Automatic Mimicry and Emotional Contagion in ASD
Whereas TD individuals tend to automatically attend to and mimic emotional cues, individuals with ASD may show decreased (McIntosh, Reichmann-Decker, Winkielman, & Wilbarger, 2006; Yoshimura, Sato, Uono, & Toichi, 2015) and atypical (Beall, Moody, McIntosh, Hepburn, & Reed, 2008; Oberman, Winkielman, & Ramachandran, 2009) spontaneous mimicry and decreased emotional contagion. Helt, Eigsti, Snyder, and Fein (2010) assessed contagious yawning in children with ASD under naturalistic circumstances and reported its occurrence to be very low in children with mild ASD symptomology and absent in children with moderate to severe symptomology. Similarly, lab- oratory studies exposing individuals with ASD to prerecorded video (Senju et al., 2007) and audio (Giganti & Esposito Ziello, 2009) clips show markedly decreased rates of contagious yawning in individuals with ASD compared with their typiclly developing (TD) peers. Finally, Scambler, Hepburn, Rutherford, Wehner, and Rogers (2006) presented strong facial and bodily models of joy, disgust, pain, and fear, and reported that children with ASD responded with significantly fewer instances of emotional contagion than controls.
Sims, Van Reekum, Johnstone, and Chakrabarti (2012) found that TD participants with low (but not high) ASD traits demonstrated greater mimicry for faces that they had been trained to associate with high (vs. low) reward values, indicating that, in general, people will tend to show greater mimicry to faces they find more rewarding. In contrast, participants with high ASD traits showed similar amounts of mimicry to target stimuli regard- less of reward value, indicating that individuals with ASD may be less sensitive than their peers to cues associated with social reward. This evidence aligns with theories that posit that children with ASD experience reduced social reward sensitivity, which manifests in reduced ability to affectively tag socially relevant stimuli (Dawson, Bernier, & Ring, 2012; Fein, Pennington, Markowitz, Braverman, & Waterhouse, 1986; Klin, Jones, Schultz, & Volkmar, 2003; Waterhouse, Fein, & Modahl, 1996).
Although behavioral evidence consistently reveals that children with ASD show less emotional contagion than their TD peers, other studies suggest the possibility of intact or even heightened emotional contagion among individuals with ASD. Hadjikhani et al. (2009) showed that brain activation in individuals with ASD did not differ from controls when participants viewed fear or pain (Hadjikhani et al., 2014). Blair (1999) reported that children with ASD showed typical psychophysiological responses to images of distressed people. Meanwhile, Gu et al. (2015) reported that individuals with ASD showed heightened autonomic arousal (though reduced embodiment, or shared neural representation) when viewing others in pain. Self-report questionnaires, such as the Interpersonal Reactivity Index and the Multifaceted Empathy Test, have revealed impairments in cognitive empathy, but either normal (Dziobek et al., 2008) or heightened emotional empathy among adults with Asperger syndrome (Rogers, Dziobek, Hassenstab, Wolf, & Convit, 2007). Finally, Magnee, de Gelder, van Engeland, and Kemner (2007) used EMG to measure subtle emotional responses in a small group of high- functioning individuals with ASD. The researchers reported that the participants with ASD showed heightened electromyographic responsiveness both to happy and to fearful faces compared to controls. This evidence of heightened emotional empathy aligns with theories that posit that children with ASD begin life with normal social attention and then defensively turn their attention away from social stimuli because it is overarousing (Kinsbourne, 2011; Markram, Rinaldi, & Markram, 2007; Smith, 2009).`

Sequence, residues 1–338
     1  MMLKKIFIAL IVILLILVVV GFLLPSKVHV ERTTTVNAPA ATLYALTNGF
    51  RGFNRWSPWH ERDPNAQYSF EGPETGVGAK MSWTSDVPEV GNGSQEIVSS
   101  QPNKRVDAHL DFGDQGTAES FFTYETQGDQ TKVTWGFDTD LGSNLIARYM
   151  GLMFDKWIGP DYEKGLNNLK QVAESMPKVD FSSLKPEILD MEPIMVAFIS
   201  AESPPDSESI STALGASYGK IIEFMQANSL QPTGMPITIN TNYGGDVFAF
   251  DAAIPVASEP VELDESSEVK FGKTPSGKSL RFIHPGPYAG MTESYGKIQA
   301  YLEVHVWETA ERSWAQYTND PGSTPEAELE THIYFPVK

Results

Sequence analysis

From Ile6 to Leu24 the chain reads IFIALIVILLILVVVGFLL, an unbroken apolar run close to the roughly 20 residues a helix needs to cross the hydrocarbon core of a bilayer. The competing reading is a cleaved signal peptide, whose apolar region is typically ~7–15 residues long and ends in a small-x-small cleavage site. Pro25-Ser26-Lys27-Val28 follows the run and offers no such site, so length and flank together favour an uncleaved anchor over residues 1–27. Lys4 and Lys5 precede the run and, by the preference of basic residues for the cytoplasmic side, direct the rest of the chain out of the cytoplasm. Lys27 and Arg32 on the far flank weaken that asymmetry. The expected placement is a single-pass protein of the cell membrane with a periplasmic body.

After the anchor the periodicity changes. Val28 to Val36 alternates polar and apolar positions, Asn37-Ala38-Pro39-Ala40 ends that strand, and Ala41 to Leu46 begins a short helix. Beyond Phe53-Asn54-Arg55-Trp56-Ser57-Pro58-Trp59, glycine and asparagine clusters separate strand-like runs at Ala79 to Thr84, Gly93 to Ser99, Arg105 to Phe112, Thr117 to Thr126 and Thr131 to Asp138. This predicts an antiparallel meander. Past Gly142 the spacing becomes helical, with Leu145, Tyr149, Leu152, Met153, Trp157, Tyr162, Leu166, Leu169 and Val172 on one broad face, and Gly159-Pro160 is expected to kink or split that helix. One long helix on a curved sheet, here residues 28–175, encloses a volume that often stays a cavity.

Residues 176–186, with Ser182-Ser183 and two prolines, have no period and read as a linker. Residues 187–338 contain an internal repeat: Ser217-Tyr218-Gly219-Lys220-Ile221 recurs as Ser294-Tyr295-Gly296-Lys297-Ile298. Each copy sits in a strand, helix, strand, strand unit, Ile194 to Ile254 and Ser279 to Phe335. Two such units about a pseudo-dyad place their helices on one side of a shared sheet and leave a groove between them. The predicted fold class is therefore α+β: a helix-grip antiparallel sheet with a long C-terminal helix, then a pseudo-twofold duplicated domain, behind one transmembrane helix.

Regardless of the underlying cause of impaired social attention in ASD, it undoubtedly plays a role in the reduced emotional contagion previously observed in individuals with ASD. Research in another area of social cognition, face perception, has demonstrated that under default circumstances, individuals with ASD show reduced fusiform face activity (FFA; Schultz et al., 2000) compared to controls; however, if participants are continuously cued to the eye region, these group differences disappear (Hadjikhani et al., 2004). Individuals with ASD have been documented to show very reduced attention to another's pain (Bacon, Fein, Morris, & Waterhouse, 1998; Sigman, Dissanayake, Corona, & Espinosa, 2003). However, Scambler et al. (2006) gained the child's attention before assessing emotional contagion, and found it still reduced, supporting the notion that social attention cannot account for all of the reduction in emotional contagion.
Eye contact with the target has been suggested to trigger contagious yawning. For example, Provine (1989) demonstrated that TD individuals will yawn contagiously if shown the disembodied eyes of a yawning face, but not the disembodied mouths. To test the possibility that diminished contagious yawning in ASD is due to diminished eye gaze, Senju et al. (2009) instructed children to fixate on the eyes of yawning faces and found no group differences in the rate of contagious yawning between TD and ASD children; however, as the TD group yawned the same amount, to yawn and control stimuli these results are difficult to interpret. Further complicating the picture, Giganti and Esposito Ziello (2009) found that individuals with ASD also showed reduced yawn contagion when presented with an auditory only yawning stimulus indicating that lack of eye gaze cannot completely explain diminished yawn contagion in ASD.